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Holly Swanson: All the Cool Kids are on Twitter

by on January 30, 2013 6:00 AM

Are you on Twitter? No? You really should be.

I joined Twitter in November 2011, when even the 24-hour news cycle couldn’t keep up with the rapidly changing events surrounding Jerry Sandusky and Penn State. I didn’t know anything about Twitter at the time and didn’t understand the point of it. Why say things to people you don’t know while limiting yourself to only 140 characters?

But I signed up and started following the accounts of local journalists. From there, I saw other people who were talking about topics that were important to me, so I followed them, too, and slowly, I began tweeting. Much to my husband’s dismay, I’m now on Twitter a lot and use it to keep up with news, both local and national, and to chat with a few friends I’ve made along the way.

Most days, I don’t tweet more than a few times, I just follow the others in my timeline. I’ve learned a lot, from suggestions to local restaurants that I never would have tried to reading recommendations to tailgate invites (but only meet online friends in public, safe areas). I have found the vast majority of fellow tweeters to be intelligent and passionate about their views.

It’s different for everyone, but I use Twitter much differently than I do Facebook. On Facebook, I post photos of my kids, ask for prayers when family members are sick, or catch up with old friends from high school. On Twitter, I engage in lively debate with people I don’t know in real life. And I like it that way. Although I’ve formed some bonds on Twitter, I don’t care if the people there don’t like me. It’s helped me express my opinions and thoughts without worrying much about the reaction. Some of the things I’ve said on Twitter would cost me a friend or two on Facebook who may not know about my political leanings. But I like expressing these thoughts to an audience that I hold at arm’s reach.

Tweeting is a lot like standing in the middle of Wegmans and making a brief statement using your outside voice. Something like “I love broccoli.” Maybe no one responds. Maybe a few people say, “I love broccoli, too.” Eventually, you’ll probably become involved in conversations with other people who share your affinity for broccoli. On Twitter, you’ll carve out a little pro-broccoli niche.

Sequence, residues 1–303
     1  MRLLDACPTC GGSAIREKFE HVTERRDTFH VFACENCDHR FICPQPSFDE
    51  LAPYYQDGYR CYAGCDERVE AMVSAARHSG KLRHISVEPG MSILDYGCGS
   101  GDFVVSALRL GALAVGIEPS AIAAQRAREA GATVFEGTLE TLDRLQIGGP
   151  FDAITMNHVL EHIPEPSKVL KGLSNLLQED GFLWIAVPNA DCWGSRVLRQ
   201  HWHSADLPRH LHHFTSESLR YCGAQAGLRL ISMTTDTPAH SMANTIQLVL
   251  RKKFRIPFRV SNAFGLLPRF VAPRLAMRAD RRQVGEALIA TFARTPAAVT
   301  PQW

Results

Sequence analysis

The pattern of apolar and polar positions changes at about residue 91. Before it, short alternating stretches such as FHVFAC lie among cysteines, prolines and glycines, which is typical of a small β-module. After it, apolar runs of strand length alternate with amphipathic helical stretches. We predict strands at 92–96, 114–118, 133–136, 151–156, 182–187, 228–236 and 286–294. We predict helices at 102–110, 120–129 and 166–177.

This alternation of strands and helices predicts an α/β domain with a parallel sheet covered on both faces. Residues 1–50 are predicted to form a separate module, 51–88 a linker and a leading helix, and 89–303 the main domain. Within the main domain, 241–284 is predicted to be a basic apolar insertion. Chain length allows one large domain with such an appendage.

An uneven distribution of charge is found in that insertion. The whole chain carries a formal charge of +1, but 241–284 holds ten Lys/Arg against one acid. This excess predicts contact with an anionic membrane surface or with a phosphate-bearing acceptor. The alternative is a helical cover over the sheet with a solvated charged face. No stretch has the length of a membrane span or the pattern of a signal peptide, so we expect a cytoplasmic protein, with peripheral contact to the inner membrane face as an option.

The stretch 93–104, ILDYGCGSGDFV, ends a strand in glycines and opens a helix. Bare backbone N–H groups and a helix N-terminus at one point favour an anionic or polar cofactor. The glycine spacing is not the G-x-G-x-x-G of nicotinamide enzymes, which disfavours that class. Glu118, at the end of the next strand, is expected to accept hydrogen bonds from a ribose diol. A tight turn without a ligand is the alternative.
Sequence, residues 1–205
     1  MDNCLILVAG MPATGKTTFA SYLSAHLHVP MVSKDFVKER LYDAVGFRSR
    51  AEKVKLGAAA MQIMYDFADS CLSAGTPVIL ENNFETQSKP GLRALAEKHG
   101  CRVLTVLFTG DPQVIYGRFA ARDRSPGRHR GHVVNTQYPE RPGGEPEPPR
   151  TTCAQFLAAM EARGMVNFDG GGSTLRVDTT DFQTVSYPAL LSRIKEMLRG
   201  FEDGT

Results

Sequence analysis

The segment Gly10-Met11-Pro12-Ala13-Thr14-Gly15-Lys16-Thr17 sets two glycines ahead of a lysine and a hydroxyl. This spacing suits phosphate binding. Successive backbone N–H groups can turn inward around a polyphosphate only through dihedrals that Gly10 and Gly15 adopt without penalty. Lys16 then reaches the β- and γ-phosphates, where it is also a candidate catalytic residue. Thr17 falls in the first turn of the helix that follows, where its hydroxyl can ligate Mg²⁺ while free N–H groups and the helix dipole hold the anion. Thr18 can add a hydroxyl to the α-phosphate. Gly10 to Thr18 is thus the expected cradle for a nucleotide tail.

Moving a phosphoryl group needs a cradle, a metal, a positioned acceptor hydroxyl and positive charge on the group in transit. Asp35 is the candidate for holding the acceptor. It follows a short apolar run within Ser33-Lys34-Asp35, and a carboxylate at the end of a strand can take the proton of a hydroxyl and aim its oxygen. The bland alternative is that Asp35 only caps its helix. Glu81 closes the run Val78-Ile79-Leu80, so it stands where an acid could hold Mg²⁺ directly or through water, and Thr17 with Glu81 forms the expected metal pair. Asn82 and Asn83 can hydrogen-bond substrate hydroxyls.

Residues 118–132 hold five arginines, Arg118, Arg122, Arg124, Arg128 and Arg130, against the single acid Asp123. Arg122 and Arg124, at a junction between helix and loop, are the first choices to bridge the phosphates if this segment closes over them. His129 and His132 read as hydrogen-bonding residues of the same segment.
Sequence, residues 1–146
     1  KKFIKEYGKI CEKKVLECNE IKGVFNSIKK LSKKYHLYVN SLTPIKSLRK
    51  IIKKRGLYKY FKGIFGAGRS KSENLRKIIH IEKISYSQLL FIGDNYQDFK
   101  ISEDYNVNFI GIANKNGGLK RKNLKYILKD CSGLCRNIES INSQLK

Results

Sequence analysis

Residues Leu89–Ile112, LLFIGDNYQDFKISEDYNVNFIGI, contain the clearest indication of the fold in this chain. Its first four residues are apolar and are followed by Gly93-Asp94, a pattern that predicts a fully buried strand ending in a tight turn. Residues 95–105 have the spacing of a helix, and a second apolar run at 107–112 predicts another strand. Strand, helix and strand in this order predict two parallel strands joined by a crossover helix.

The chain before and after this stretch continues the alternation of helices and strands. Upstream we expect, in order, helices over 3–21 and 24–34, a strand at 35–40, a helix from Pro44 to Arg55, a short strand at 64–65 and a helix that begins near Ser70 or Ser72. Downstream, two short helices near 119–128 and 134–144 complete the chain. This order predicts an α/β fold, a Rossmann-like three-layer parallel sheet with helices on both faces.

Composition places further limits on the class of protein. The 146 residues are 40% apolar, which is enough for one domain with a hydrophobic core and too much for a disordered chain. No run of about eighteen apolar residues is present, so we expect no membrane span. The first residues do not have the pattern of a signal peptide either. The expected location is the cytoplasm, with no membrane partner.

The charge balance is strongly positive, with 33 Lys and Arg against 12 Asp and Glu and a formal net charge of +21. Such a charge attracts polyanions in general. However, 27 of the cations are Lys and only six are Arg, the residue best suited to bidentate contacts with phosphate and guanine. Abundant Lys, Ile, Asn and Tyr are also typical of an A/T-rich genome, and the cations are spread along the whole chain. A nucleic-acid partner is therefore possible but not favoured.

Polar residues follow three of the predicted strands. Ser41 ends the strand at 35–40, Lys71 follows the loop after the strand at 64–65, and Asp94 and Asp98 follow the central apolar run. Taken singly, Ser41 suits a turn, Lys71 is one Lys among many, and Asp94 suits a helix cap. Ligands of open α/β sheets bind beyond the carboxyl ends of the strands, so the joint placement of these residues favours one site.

That’s not to say that everything is rosy. There are plenty of trolls who like to argue with anyone who has a differing opinion. This became painfully obvious to me when I first joined Twitter and talked to other people about Penn State. I’d then get a tweet from someone who had only ugly things to say about the university, regardless of what I was saying about it. But I realized that these people are just bullies hiding behind their computer. Like in real life, they don’t really care what you have to say, they just want to cause trouble and feel powerful. Ignoring them takes that power away.

In the Wegmans broccoli conversation, it would be like talking recipes with someone in the produce section and having a complete stranger tell you, “Broccoli sucks! How dare you like broccoli. I hate you and your broccoli.”

Like anything else on the Internet, Twitter is what you make of it. You could spend hours a day tweeting and chatting with other people, maybe even arguing with them. It can be a huge time suck, but it can also open you up to new ideas.

The same can be said for any social media, but you have to be careful what you share on Twitter since anyone can see it. You also have to be on the lookout for scammers who want your personal information. And, you have to remember that you have no way of knowing who is on the other side of the Internet. Recently, a group of Twitter friends and I may have been tricked by a catfishing scam, a term I had never heard of until Notre Dame’s Manti Te’o and his imaginary girlfriend made the term famous. Someone we regularly tweeted with may have died or he may have never existed in the first place. We’ll probably never know. Weird and disturbing, yes. But there was no personal information shared and no harm done, other than the confusion that he caused.

The best thing about Twitter? The “block” button. Anyone who bothers you, annoys you, or makes a pest of themselves can be silenced with the click of a button. If only it were that easy in real life.

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Holly Swanson is a State College-based freelance writer. She is on Twitter @statecollegemom and can be reached via email at hollyannswanson@verizon.net.
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